Crisis Management: Making it safe for people to do the right thing.

Author:Rodriguez, Jose R.
 
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Crisis prevention has taken on greater urgency for management and boards as corporate crises, frequently self-inflicted, continue to make headlines. The deep and long-lasting reputational impact of self-inflicted crises--product quality, worker safety, sexual harassment, unethical sales practices, legal/regulatory compliance--has put a spotlight on crisis prevention, particularly the role of culture in crisis prevention.

How do corporate leaders assess the robustness of their crisis prevention and readiness efforts? The starting point is to make sure the fundamentals are in place, visible and working: tone at the top, an ethics and compliance program, whistle-blower hotline, employee training, and a robust risk management process. Then focus on the culture and incentives surrounding those mechanisms.

The overarching message from those board members and executives we interviewed for our lead director initiative white paper, "Crisis Prevention and Readiness," was to "make it safe for people to do the right thing."

Beyond setting the tone and walking the talk, the CEO and senior management should create a culture that makes it safe for people to do the right thing. A company's leadership, particularly the CEO, needs to be visible and approachable. "The goal is to create an open and comfortable atmosphere that encourages people to come forward and speak up--not just vertically but laterally--360 degrees, really," says one director. "You have to make it okay for people to ask questions, disagree and bring up difficult subjects. They need to feel empowered to speak up when they see problems, even if the problem isn't fully formed yet."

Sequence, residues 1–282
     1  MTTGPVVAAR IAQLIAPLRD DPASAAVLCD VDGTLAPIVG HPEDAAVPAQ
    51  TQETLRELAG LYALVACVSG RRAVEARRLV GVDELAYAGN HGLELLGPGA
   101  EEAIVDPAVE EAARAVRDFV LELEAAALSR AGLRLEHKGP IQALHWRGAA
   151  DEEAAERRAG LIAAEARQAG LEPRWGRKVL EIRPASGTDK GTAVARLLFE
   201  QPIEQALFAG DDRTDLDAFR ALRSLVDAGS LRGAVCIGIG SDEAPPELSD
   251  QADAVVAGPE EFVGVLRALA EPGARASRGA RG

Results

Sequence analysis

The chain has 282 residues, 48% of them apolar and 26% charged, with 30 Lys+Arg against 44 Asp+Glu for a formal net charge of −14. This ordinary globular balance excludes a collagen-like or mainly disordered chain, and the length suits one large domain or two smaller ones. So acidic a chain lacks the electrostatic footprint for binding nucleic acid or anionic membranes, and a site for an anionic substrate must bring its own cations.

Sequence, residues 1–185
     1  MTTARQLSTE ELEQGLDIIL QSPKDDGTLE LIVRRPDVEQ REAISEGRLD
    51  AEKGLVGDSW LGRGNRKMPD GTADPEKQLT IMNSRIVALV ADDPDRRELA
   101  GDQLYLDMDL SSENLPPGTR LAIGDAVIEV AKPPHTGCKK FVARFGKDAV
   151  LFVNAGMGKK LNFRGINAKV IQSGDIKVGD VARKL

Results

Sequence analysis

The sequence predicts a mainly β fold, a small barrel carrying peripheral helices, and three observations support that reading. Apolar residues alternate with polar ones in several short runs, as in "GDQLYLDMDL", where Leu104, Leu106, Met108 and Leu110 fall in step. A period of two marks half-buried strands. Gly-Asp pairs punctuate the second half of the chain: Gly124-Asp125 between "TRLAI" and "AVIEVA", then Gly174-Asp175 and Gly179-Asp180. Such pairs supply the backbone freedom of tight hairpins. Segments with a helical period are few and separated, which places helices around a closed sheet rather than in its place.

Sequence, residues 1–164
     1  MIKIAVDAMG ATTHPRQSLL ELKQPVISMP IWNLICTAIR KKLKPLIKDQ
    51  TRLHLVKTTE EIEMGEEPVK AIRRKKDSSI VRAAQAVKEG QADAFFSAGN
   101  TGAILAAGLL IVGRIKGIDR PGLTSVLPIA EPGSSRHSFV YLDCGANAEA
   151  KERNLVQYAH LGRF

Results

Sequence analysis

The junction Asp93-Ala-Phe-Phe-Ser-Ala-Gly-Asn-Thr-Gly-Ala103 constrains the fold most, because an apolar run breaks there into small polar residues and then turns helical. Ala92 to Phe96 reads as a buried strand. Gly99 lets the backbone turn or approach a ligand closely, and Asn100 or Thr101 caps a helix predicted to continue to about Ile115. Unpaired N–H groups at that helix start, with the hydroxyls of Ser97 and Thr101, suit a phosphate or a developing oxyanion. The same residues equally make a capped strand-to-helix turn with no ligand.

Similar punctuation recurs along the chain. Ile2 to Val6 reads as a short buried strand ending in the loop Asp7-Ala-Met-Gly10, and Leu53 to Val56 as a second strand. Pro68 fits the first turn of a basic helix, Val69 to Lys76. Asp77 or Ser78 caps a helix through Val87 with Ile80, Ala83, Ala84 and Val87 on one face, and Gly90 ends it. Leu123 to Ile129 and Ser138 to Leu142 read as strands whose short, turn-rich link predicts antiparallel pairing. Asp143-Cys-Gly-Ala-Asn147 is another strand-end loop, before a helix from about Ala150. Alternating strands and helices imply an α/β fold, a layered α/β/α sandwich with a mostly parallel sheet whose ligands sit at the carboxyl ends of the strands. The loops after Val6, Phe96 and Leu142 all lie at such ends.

In making it safe for people to do the right thing, the directors and business leaders we interviewed stresses the following:

Be clear about the behaviors for which the company has zero tolerance. Companies typically have zero-tolerance policies for certain behaviors, such as violence, fraud, racial discrimination and sexual harassment, but there cannot be a zero-tolerance policy for everything. It is essential that companies get this right. How should a board and management team go about developing a zero-tolerance policy? What makes a zero-tolerance policy effective? The #MeToo movement provides some important lessons for boards as to how to establish absolute clarity regarding its zero-tolerance policy for harassment and abuse.

Create a culture of accountability. People pay attention to who gets hired...

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